Dmitry Orlov: 2013-14 Season Review

Photo: Justin K. Aller

Dmitry Orlov‘s season didn’t get started until Thanksgiving, but once he got going he was darn good. Still, I can’t help but think that he’s not the kind of player we used to think he was.

By the Numbers

54 Games played
19.2 Average time on ice per game
3 Goals
8 Assists
51.3% Shot attempt percentage during 5v5
47.8% Goal percentage during 5v5
7.3% On-ice shooting percentage during 5v5
92.0% On-ice saving percentage during 5v5

Peter’s Take

Adam Oates did not like Orlov’s play and declined to give him a sweater through the season’s first two months. To keep an escape clause in his contract for going into effect, George McPhee kept Orlov bouncing between Hershey and Arlington that whole time– a pretty wretched situation for the young Russian defenseman. By the end of November, Orlov requested a trade– but instead he got ice time. One wonders if Oates changed his mind or if his hand was forced.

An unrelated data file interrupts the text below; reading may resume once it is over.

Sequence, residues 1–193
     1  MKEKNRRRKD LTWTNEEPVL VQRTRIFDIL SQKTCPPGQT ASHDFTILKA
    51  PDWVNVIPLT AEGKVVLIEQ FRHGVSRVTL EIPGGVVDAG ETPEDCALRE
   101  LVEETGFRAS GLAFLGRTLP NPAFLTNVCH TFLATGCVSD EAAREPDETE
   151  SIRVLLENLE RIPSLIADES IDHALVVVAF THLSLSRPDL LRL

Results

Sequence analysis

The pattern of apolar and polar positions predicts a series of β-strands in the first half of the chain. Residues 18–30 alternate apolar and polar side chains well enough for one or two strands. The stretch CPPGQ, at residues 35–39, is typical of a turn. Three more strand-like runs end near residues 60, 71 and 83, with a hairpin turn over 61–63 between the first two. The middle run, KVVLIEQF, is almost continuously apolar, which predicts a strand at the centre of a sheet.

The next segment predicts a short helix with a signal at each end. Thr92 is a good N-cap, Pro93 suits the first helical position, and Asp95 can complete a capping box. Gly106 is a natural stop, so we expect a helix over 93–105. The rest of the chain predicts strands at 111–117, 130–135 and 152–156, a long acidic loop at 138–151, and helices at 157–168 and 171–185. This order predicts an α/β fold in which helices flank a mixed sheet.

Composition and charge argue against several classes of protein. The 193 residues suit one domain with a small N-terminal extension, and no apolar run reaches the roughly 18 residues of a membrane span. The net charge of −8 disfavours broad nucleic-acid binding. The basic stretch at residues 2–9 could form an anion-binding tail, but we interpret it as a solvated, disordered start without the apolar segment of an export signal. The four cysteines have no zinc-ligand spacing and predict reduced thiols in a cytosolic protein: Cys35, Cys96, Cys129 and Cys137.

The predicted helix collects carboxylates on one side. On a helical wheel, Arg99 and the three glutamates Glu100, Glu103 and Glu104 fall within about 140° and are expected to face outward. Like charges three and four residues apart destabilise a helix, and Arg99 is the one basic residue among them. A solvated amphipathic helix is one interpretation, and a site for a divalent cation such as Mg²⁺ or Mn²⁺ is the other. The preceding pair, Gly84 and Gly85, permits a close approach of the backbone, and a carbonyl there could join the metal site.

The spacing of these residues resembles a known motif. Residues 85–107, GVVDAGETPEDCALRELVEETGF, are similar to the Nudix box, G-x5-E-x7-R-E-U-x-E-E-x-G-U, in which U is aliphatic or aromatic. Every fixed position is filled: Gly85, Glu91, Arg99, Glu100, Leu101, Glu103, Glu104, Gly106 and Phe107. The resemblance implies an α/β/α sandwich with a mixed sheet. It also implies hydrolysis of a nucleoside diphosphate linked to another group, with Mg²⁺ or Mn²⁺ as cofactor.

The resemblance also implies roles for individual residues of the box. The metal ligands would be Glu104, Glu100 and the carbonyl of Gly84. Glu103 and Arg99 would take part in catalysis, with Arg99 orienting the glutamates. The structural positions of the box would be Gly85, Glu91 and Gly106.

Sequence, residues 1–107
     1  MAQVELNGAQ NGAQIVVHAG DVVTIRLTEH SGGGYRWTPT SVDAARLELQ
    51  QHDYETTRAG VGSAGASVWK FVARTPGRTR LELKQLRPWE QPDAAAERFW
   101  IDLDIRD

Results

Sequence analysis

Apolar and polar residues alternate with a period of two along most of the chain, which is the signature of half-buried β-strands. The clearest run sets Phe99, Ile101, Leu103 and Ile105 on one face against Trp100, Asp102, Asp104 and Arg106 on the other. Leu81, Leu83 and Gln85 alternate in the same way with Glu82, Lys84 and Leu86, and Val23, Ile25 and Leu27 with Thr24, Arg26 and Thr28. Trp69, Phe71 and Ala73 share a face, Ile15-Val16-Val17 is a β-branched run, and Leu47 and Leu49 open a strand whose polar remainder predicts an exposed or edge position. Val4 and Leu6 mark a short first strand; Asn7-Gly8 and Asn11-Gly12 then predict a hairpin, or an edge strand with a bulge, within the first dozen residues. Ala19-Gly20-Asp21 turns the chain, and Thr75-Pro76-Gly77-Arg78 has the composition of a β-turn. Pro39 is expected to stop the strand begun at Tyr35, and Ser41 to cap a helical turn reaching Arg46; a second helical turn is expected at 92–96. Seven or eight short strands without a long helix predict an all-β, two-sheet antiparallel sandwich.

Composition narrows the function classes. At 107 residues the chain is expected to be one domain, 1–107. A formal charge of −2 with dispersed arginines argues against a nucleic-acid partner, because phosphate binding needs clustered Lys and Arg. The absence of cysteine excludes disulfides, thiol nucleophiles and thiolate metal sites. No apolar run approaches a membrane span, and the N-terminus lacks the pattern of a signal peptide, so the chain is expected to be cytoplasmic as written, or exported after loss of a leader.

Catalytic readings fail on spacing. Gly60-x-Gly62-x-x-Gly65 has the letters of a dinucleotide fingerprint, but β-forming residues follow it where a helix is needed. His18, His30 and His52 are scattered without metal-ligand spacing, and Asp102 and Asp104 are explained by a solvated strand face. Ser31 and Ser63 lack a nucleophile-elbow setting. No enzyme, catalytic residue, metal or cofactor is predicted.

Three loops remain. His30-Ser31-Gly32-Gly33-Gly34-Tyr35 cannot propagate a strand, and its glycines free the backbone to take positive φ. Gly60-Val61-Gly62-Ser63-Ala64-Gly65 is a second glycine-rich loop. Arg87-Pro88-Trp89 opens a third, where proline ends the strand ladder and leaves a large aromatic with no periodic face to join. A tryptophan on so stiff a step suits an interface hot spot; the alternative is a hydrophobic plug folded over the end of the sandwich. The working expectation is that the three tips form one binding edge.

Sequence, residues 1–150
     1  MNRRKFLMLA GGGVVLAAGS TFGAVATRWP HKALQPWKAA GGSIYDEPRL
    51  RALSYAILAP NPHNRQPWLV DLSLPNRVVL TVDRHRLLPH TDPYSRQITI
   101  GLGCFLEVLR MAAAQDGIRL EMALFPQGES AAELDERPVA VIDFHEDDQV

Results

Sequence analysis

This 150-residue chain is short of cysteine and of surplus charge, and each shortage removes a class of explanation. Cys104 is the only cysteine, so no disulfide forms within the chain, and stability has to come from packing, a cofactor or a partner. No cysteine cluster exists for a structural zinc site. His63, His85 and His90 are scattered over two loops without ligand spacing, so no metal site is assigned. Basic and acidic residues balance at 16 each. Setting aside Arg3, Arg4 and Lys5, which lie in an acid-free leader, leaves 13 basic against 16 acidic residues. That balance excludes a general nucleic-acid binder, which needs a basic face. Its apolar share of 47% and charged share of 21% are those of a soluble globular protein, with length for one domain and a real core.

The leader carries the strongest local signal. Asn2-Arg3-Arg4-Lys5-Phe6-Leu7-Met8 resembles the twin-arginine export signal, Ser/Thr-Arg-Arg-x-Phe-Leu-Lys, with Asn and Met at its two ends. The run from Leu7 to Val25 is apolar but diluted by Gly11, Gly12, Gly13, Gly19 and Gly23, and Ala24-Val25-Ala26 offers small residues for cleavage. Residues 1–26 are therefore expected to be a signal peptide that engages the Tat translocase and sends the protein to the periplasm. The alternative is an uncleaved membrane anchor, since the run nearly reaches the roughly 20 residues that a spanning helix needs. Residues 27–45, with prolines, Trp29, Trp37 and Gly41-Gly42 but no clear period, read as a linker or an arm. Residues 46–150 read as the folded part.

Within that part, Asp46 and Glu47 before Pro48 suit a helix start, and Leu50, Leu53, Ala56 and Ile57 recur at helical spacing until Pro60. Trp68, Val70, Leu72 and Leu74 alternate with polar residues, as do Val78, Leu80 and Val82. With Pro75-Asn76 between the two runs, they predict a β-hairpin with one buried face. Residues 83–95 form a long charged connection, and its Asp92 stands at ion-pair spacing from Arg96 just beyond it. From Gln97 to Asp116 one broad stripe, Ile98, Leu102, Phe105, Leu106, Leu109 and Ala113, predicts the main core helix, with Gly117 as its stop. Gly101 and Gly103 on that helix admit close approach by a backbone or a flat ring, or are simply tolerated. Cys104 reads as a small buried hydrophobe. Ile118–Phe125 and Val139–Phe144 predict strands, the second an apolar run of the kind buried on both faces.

Once Orlov hit the playing surface, he did better than anyone else at driving possession (relatively). But that didn’t translate into goals– Orlov’s goal percentage during 5v5 was 3.5 percent lower than his possession, well into the red. That’s mostly due to bad save percentages by the Caps when Orlov was on the ice, and it leads us to a quandary: is that Orly’s fault? There were certainly plenty of defensive miscues on Dmitry’s part– particularly on those way-too-frequent odd-man rushes. I suspect a significant portion of Orlov’s struggles without the puck were systemic, but he also would do well to bone up on his play without the puck. Once he does, he’d be a complete player– though probably not the offensive defenseman we thought he’d be.